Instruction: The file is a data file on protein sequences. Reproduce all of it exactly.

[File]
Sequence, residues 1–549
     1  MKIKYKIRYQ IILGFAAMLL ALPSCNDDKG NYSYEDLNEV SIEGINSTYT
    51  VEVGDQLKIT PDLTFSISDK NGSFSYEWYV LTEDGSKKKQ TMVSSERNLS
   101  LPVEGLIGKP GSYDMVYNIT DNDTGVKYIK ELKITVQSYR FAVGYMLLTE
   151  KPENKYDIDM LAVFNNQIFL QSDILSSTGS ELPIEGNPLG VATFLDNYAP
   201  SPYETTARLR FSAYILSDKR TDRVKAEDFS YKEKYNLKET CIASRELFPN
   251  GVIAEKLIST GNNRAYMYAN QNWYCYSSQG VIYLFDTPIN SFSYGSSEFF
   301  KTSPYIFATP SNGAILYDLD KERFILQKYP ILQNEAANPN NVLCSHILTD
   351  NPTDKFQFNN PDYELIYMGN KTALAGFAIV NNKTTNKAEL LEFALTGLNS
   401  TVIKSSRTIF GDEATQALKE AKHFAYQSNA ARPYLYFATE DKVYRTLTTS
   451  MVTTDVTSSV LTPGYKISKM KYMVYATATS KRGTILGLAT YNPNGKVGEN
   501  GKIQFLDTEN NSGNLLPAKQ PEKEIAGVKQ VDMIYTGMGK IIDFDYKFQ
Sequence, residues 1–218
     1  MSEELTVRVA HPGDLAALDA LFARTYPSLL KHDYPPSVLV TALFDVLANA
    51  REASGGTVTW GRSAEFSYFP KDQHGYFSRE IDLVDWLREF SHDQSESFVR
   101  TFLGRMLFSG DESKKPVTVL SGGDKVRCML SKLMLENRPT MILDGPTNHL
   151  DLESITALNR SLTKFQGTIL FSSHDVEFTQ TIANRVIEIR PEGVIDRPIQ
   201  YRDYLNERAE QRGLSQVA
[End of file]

Sequence, residues 1–549
     1  MKIKYKIRYQ IILGFAAMLL ALPSCNDDKG NYSYEDLNEV SIEGINSTYT
    51  VEVGDQLKIT PDLTFSISDK NGSFSYEWYV LTEDGSKKKQ TMVSSERNLS
   101  LPVEGLIGKP GSYDMVYNIT DNDTGVKYIK ELKITVQSYR FAVGYMLLTE
   151  KPENKYDIDM LAVFNNQIFL QSDILSSTGS ELPIEGNPLG VATFLDNYAP
   201  SPYETTARLR FSAYILSDKR TDRVKAEDFS YKEKYNLKET CIASRELFPN
   251  GVIAEKLIST GNNRAYMYAN QNWYCYSSQG VIYLFDTPIN SFSYGSSEFF
   301  KTSPYIFATP SNGAILYDLD KERFILQKYP ILQNEAANPN NVLCSHILTD
   351  NPTDKFQFNN PDYELIYMGN KTALAGFAIV NNKTTNKAEL LEFALTGLNS
   401  TVIKSSRTIF GDEATQALKE AKHFAYQSNA ARPYLYFATE DKVYRTLTTS
   451  MVTTDVTSSV LTPGYKISKM KYMVYATATS KRGTILGLAT YNPNGKVGEN
   501  GKIQFLDTEN NSGNLLPAKQ PEKEIAGVKQ VDMIYTGMGK IIDFDYKFQ
Sequence, residues 1–218
     1  MSEELTVRVA HPGDLAALDA LFARTYPSLL KHDYPPSVLV TALFDVLANA
    51  REASGGTVTW GRSAEFSYFP KDQHGYFSRE IDLVDWLREF SHDQSESFVR
   101  TFLGRMLFSG DESKKPVTVL SGGDKVRCML SKLMLENRPT MILDGPTNHL
   151  DLESITALNR SLTKFQGTIL FSSHDVEFTQ TIANRVIEIR PEGVIDRPIQ
   201  YRDYLNERAE QRGLSQVA